The Celtics came out smoking, taking an 11 point lead in the 1st quarter and adding 4 more to that advantage by half-time. Keyon Dooling was hitting corner 3’s like he was back at the University of Missouri. Paul Pierce scored 12 points in the 1st quarter, and Rajon Rondo was the piston driving the engine.

Rondo was plugged in from the very beginning. After Garnett won the opening toss and the ball was headed towards Rondo in the Celtics’ back-court, he knocked the ball with his head up into the air before letting it fall into step with a dribble up-court to start the game. This sort of soccer display is par for the course when it’s Steve Nash, but when it’s the cerebral Rondo, you know he’s ready, and so were the Celtics. 

Everyone knew the Heat were coming back though; and it only helped matters when Ja Ratasfari Ra-jon decided to take a conspicuous dig at the Heat during his halftime interview with Doris Burke. When she asked him what holes the Celtics were exploiting on their way to 61 first half points, Rondo replied, without a flutter of irony:

“Um, them complaining and crying to the referees and transition.”

So, yeah, you can be sure that got back to the Heat crew, as Wade could be shown yammering with Rajon later in the second half.
Dwyane Wade has made it his habit to let LeBron control the ball in the opening half, before he starts exploding to the bucket in the second. I’m pretty sure he doesn’t even warm up; preferring to let the first couple quarters take the place of some routine practice jumpers before the game. It works for the second half, but if you’re a Heat fan, you wish he’d get going just a few hours earlier.
The Heat came back on the strength of their defense combined with the woeful way the Celtics scored the ball in the second half. The Celtics only managed 28 points COMBINED in the second half. That doesn’t mean the Celtics didn’t score. Oh, they had to if they were going to even force an overtime, its just the scoring was so limited, the Heat didn’t even need a big run to get back into it—they just chipped away and by the 4th quarter they were only down 5. With 8:53 remaining in the game, a LeBron James lay-in tied the score at 74 and the Garden crowd sounded like a Wake, complete with sad drinking.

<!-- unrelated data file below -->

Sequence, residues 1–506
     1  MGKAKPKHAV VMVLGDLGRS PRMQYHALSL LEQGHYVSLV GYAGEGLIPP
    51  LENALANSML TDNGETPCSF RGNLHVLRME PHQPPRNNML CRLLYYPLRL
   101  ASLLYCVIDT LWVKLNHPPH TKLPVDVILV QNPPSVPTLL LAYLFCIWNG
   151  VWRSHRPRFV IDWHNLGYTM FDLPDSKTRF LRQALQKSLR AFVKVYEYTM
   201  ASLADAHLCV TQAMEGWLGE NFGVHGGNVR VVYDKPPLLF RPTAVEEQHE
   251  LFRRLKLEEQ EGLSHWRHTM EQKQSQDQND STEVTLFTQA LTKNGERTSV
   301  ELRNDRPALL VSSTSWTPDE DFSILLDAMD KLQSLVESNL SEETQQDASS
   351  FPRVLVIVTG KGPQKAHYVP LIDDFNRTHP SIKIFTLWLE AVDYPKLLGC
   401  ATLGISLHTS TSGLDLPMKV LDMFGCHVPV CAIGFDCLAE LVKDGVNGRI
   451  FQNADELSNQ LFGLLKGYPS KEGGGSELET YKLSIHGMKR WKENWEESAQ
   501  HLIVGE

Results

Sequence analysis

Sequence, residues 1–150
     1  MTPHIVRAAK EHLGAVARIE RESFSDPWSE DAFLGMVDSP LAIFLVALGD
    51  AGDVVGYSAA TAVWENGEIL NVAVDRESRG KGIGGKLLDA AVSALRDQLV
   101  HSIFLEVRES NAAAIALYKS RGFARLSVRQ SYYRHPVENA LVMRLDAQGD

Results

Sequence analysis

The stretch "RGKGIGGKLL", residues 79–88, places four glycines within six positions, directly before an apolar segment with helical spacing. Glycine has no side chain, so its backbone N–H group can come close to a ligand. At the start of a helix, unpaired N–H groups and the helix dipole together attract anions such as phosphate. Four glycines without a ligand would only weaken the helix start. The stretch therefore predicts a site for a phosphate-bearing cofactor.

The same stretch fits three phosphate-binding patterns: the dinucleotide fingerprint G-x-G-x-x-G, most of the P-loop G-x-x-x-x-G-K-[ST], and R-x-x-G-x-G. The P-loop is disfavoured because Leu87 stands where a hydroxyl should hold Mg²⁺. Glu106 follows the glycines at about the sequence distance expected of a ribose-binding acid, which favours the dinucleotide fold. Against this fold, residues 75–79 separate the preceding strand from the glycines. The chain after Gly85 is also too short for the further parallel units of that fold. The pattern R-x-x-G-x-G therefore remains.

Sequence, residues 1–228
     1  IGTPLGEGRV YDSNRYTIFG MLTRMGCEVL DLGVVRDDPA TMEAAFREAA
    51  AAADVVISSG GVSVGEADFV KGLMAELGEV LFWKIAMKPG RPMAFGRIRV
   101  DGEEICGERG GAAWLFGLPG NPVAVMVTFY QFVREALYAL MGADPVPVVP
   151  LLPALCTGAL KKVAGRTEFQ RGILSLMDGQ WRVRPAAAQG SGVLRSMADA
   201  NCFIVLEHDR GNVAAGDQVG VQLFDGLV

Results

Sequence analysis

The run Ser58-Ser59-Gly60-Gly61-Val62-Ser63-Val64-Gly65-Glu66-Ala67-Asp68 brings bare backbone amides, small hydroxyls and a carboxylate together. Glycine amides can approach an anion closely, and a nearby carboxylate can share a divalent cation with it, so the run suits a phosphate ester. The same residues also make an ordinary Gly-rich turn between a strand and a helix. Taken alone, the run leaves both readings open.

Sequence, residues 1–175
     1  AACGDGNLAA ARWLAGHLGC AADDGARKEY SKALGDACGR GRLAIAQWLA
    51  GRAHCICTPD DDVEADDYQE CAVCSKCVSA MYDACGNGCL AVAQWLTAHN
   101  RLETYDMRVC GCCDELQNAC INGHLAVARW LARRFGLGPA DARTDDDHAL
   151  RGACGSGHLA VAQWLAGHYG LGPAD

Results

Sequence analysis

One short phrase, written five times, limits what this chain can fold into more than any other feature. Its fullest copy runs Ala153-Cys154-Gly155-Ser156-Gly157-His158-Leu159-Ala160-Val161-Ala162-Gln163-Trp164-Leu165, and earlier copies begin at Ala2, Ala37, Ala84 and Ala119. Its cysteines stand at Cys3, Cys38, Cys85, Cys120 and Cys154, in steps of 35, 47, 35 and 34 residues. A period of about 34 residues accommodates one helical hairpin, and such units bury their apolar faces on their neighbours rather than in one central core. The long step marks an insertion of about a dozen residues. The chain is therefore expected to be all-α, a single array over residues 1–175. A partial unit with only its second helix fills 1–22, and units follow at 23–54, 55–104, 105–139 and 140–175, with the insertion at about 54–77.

After tying the score, the game turned into a battle of wills, with neither team getting head by more than 3. Meanwhile, Rondo continued his extraterristrial play. 

In the final seconds of regulation, LeBron passed out of a double team and Udonis Haslem—he was his usual stout, best with 17 rebounds and enough glares to give Boston kids nightmares for a month—forced a shot to beat the clock that drew nothing but air.
The overtime saw the aforementioned 6th fouls on Pierce and ‘Bron, but it was Rondo that saved the day. He’s been so good in this series, it’s not crazy to think he’s the best single player of these playoffs. He had 15 assists and the last 3 points of overtime. Dwyane Wade had a chance to get the out-right win with a 3-pointer at the buzzer, and as every ESPN analyst said after the game, he should have jumped into Mickael Pietrus, rather than take the wide open 3 that missed.
LeBron watched from the sideline, and his downcast gaze mirrored all the Heat fans and players as they realized this wasn’t going to be as easy as they all thought.

Not only that, but Rajon Rondo is an alien, and the earthlings still haven’t figured out how to slow him down. Game 5 back in Miami is gonna be a doozy.
Final: BOSTON CELTICS 93 - Miami Heat 91
The Celtics and Heat are tied 2-2
PHOTOS VIA
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cbssports:

FINAL: Thunder 108, Spurs 103
“That’s how this Thunder team does it…guts, grit, and toughness.”
20 consecutive wins for the Spurs…and now three straight losses.
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sexontoothpicklegs:

Binki Shapiro - W Magazine (June 2012)
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flarefashion:


Brooklyn Decker - June 2012 / Fashion Director: Elizabeth Cabral / Art Director: Tanya Watt / Photographer: Max Abadian 


Go on-set with Brooklyn for her first Canadian cover shoot with FLARE.
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Marilyn photographed on the set of There’s No Business Like Show Business, 1954